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Does Facebook Really Target Children?



Our society has something of a fraught relationship with social media. This is perhaps best illustrated by our connection with Facebook. It is the most widely used social media platform in the world, yet its behaviour is among the most contentious. Indeed, there have recently been two whistleblowers in as many weeks making claims about disturbing activities allegedly performed by the company. These allegations span the illegal and the unethical.

Among the various claims about Facebook are those related to how it treats children. Leaked internal documents appear to show the company described children as young as 10 as an “untapped audience”. The company also performed studies on preteen online behaviour and considered the development of platforms specifically aimed at kids. Many parents and community leaders are concerned.


So, is there any credence to the idea Facebook is actively targeting children? 
We’re going to examine a few areas it’s important to consider about the situation.


The Intention


We really need to look at what the intentions of Facebook are. Can we accurately posit the company is encouraging children to join its platform? On a surface level, this appears not to be the case. After all, there is a strict minimum age of 13 years old for officially joining the platform. This isn’t always enforced, though. There are no identification requirements to limit underaged users from connecting with the service. But it’s also important to review whether they’re taking similar steps to TikTok in removing children who get through the net.


From an official perspective, Facebook seems to be doing this. A recent post by the company states it is using artificial intelligence (AI) to identify underage users. Yet it’s just as important to note the same post discusses creating social media experiences for those under 13. While it may not appear Facebook is specifically targeting children, there’s no denying it’s interested in doing so.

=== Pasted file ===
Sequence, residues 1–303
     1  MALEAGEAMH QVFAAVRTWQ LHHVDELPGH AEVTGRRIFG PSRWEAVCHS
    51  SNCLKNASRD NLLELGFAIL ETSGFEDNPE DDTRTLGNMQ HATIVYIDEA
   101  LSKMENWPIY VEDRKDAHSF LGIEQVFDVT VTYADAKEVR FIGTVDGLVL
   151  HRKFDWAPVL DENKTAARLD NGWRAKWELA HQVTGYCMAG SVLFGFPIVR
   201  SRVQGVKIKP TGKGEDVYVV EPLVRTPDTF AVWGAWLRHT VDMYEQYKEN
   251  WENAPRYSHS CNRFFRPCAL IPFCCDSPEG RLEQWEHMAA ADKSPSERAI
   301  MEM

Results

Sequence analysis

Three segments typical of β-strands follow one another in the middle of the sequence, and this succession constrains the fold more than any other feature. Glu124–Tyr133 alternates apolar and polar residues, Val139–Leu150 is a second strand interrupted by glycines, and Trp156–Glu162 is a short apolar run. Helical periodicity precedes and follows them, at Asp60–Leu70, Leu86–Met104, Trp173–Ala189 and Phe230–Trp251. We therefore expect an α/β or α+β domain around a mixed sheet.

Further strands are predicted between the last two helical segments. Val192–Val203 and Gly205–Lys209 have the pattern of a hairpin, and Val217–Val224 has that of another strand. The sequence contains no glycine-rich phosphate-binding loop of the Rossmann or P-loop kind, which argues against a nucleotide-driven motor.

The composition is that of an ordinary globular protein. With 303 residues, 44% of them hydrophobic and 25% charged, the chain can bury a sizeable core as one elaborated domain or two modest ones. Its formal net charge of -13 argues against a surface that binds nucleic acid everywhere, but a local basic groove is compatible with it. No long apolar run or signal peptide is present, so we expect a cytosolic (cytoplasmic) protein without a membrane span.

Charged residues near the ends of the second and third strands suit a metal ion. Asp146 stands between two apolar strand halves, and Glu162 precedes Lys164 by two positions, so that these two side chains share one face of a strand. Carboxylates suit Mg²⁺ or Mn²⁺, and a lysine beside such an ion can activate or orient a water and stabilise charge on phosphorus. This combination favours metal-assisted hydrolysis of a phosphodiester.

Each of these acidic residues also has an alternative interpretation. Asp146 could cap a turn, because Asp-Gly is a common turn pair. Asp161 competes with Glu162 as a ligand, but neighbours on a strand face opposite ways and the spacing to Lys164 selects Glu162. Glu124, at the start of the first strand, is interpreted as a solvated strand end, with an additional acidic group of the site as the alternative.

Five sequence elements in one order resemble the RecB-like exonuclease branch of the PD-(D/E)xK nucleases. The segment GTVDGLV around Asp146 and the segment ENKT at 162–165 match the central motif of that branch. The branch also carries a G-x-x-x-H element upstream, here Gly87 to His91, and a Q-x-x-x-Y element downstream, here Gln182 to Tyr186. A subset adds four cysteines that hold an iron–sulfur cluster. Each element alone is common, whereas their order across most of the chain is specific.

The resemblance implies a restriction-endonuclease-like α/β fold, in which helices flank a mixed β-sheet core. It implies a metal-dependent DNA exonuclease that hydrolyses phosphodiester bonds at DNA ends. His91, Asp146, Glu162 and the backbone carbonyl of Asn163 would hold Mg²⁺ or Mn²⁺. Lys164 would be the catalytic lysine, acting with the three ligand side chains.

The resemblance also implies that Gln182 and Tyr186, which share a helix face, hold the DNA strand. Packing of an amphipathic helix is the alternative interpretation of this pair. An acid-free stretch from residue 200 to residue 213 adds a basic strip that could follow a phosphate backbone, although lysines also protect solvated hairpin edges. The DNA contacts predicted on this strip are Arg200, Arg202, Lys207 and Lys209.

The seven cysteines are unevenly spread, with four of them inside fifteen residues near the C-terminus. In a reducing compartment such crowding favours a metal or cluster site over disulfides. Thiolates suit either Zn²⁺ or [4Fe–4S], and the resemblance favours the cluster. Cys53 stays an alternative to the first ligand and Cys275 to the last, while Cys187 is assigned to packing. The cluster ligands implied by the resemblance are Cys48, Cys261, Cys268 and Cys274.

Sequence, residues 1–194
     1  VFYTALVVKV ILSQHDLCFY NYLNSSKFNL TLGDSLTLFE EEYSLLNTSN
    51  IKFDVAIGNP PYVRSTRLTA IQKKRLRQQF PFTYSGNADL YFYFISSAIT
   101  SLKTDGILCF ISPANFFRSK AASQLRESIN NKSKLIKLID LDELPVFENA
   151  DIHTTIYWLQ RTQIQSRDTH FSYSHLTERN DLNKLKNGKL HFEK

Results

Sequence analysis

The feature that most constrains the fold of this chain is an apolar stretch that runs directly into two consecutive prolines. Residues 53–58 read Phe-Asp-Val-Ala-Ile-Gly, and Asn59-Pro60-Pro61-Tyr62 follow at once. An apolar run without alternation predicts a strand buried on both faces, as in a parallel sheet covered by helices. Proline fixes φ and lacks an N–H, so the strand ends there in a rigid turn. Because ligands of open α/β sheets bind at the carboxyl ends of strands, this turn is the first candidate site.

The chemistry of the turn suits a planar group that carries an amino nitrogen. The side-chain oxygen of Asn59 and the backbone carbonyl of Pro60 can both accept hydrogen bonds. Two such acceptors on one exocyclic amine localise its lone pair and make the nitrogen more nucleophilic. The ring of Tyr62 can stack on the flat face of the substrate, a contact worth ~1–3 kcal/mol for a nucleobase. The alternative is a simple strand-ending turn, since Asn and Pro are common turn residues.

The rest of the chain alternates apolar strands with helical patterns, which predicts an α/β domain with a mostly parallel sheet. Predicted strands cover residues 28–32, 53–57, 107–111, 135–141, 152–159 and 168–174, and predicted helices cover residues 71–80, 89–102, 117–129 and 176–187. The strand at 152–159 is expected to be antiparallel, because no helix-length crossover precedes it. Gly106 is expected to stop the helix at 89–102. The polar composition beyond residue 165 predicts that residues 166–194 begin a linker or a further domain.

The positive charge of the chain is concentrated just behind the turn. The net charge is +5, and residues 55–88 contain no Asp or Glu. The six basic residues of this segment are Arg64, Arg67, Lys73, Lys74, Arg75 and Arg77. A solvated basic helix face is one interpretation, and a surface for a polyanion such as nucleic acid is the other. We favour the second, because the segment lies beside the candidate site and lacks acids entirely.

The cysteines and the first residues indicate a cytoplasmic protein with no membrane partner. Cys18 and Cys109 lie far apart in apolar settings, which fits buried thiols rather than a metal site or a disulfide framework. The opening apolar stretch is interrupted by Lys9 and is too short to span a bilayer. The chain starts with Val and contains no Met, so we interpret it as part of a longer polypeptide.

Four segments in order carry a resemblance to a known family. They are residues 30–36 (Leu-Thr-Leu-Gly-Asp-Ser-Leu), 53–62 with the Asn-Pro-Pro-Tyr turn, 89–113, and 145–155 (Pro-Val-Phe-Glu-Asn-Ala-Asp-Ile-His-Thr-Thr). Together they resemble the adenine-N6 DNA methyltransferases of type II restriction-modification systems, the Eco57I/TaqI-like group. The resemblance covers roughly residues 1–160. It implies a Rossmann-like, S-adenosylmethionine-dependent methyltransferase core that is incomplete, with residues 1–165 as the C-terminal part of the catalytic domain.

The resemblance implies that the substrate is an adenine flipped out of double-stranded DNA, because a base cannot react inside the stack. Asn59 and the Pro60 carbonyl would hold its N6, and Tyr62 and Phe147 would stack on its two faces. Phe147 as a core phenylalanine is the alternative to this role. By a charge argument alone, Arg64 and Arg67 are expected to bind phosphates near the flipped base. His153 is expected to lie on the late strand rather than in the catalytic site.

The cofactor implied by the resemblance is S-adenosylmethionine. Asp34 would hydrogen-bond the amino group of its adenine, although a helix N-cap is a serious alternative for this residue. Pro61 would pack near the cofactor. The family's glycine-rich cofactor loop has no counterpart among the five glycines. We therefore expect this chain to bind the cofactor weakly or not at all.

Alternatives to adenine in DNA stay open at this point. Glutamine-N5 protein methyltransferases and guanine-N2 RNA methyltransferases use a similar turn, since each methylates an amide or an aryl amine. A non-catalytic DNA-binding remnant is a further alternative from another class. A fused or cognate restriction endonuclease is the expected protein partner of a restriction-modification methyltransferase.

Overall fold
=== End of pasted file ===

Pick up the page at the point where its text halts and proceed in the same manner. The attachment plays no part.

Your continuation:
This brings us to another issue of intent. Does Facebook have any interest or intention to collect children’s data? Well, it would certainly appear so. In its privacy policy, Facebook cites using information from the Messenger Kids app to provide, improve, and develop services. This is an issue many parents are understandably concerned about. Among the steps adults need to take to keep their kids safe online are protecting personal data and understanding where the dangers may lie. This can be difficult when a company is regularly collecting data to be used for commercial intentions. As it is part of Facebook’s behaviour to collect and store the content of children’s interactions with the platform, it’s vital to have conversations with kids about what is and isn’t positive to share.


The Tools


The next point to look at is whether there are any Facebook tools specifically targeted at kids. The design of a website can be a contributing factor here. The job of a web designer is wide-ranging; it’s not just to make a site look beautiful. They often have the responsibility of influencing the user experience (UX) of the site, adapting elements to suit specific needs of the business and designated audiences. This may include making elements more user-friendly and safer for children. Therefore, we need to consider whether the tools and platforms Facebook offers are designed to be used by children.